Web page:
(g) It is largely within our control. Without some control, it is difficult to assure that the objective will be accomplished. While it is recognized that many things about any objective may be outside of our control, it is important to minimize outside influence or interference.

The real problem in setting objectives is to state them in such a way that we will know whether or not we are moving toward them. Our tendency is too often to state objectives in a vague way, to make them “fuzzy.”

As you begin to write objectives, ask yourself are they:

· Measurable?
· Specific?
· Result oriented?
· Realistic and attainable?
· Time bounded?

· What do I want done?
· Who will do it?
· Who will it benefit?
· When will it happen?
· How will I know if I have been successful?
(What is the measure of success?)

When a man does not know what harbour he is making for, no wind is the right wind

Seneca

Once you have defined where you want to go (your objective), it is time to analyze the forces surrounding that objective and the changes you want to bring about

FORCE FIELD ANALYSIS

Force field analysis is a tool for assessing a potential change and the forces in the environment that influence that change. (It is important to remember that the solution to nearly every problem requires some change.)

Again, we owe a debt to Kurt Lewin, its creator. Lewin discovered that you could take any situation that a group would like to change and identify a field of forces - political, social, organizational - which keep the situation as it is. The forces are of two kinds: driving forces -those that push us towards our objectives, and restraining forces - those that stand as obstacles. In the diagram below, these forces are displayed with different length arrows which signify the relative strength of each force.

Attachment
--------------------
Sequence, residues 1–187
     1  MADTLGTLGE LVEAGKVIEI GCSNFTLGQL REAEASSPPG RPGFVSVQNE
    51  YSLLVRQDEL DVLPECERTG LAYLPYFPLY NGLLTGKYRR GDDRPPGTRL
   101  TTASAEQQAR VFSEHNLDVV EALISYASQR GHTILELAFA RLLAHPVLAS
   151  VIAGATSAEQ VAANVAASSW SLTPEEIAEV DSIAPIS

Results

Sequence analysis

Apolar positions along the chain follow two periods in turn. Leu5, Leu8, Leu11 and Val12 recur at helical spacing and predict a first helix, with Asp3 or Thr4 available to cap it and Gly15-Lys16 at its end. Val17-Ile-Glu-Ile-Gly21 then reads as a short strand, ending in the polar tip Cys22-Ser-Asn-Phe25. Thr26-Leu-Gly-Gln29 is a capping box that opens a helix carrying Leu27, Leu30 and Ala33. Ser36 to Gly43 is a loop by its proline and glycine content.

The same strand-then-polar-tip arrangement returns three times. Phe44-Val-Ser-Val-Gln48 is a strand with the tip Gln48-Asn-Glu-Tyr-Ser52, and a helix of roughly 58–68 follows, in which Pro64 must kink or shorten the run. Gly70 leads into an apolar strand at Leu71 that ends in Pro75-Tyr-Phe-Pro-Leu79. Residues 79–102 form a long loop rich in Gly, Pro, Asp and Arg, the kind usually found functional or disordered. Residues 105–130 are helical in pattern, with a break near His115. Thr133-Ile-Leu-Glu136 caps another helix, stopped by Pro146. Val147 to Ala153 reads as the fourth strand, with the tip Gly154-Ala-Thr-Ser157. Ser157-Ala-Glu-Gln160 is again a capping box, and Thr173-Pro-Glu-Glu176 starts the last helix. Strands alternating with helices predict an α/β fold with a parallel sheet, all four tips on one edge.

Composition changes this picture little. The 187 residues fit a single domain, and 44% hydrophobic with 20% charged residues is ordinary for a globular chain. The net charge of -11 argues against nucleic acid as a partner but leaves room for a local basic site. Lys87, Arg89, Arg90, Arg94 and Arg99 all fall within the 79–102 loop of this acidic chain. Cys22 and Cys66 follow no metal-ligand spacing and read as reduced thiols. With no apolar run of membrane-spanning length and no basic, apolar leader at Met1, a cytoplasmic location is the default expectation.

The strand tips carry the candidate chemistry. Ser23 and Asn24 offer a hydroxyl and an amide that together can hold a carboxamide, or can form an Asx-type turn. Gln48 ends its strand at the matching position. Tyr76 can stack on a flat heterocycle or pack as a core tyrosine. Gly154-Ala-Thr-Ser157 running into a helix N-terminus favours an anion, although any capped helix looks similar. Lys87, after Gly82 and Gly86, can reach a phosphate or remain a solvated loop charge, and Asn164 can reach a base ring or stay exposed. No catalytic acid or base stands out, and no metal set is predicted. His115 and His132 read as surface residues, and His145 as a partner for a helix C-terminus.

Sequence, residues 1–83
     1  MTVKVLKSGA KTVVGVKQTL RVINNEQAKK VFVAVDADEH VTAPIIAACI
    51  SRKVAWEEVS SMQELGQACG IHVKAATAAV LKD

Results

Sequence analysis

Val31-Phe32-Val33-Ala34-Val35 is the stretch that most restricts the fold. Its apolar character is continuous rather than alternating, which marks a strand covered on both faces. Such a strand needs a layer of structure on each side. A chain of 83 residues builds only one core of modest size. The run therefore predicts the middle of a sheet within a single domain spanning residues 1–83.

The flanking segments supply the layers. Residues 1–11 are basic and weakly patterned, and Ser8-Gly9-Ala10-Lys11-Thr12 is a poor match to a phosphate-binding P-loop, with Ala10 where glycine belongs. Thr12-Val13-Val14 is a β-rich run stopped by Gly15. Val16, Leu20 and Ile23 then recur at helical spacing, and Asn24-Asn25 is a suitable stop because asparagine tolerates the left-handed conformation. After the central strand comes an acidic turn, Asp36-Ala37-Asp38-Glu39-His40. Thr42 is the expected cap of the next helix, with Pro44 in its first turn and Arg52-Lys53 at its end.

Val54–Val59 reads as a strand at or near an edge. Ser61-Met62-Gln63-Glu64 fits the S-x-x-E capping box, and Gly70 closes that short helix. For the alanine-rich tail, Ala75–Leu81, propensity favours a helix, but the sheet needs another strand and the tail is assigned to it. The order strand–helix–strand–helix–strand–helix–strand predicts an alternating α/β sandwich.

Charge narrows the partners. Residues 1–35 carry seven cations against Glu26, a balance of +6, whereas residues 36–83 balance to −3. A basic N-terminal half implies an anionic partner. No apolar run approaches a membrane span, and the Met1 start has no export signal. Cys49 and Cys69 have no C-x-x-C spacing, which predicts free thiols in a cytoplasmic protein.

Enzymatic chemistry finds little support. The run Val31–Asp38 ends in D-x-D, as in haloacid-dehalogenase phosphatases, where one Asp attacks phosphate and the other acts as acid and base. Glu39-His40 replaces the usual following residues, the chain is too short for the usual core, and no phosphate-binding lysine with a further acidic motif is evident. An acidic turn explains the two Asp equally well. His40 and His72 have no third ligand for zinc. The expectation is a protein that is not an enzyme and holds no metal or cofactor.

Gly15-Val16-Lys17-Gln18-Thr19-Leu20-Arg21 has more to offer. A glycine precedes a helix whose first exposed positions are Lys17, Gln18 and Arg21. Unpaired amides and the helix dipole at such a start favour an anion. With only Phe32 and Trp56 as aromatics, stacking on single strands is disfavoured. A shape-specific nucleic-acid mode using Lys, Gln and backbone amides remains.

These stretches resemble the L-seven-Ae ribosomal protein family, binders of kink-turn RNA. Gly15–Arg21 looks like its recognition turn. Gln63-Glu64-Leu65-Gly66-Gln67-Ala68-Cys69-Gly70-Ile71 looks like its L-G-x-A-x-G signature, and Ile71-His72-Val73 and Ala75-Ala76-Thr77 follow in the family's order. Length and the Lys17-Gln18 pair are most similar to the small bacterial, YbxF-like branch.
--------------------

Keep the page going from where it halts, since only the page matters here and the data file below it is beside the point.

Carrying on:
At the center of the field is the point of equilibrium (where we are now), which means the situation is held in tension by the opposing forces, but quite susceptible to shifts. An unbalancing of forces can cause the equilibrium to shift either in the direction of the objective or in the opposite direction, indicating slippage.

For example, if a local authority has as one of its objectives to allocate 500 low income housing plots per month in a housing project, instead of the present average of 300 plots, the force field would look as follows:

Figure

The driving forces are the things the local authority has working for it to meet its objective. The restraining forces are obstacles that stand in the way.

Problem solvers need to determine how to unbalance the forces and shift the equilibrium in the desired direction. Three processes are involved:

(a) Diagnosis: Identify all the forces, driving and restraining, that are helping to maintain the current level of activity.

(b) Unfreezing: Changing the different strengths of the individual forces, both pro and con.

(c) Redefining: Stabilizing the forces at a new, desired level.

Figure

Going back to the diagnosis, it is helpful to assess the relative strength of each force. One technique would be to give the driving and restraining forces each 100 points and then divide these 100 between the various forces on either side of the status quo.

Once their relative individual strengths have been assessed, there are three basic strategies for bringing about change.

(a) Add to the driving forces. This generally is less desirable since adding driving forces usually results in more opposing forces, which increases tension.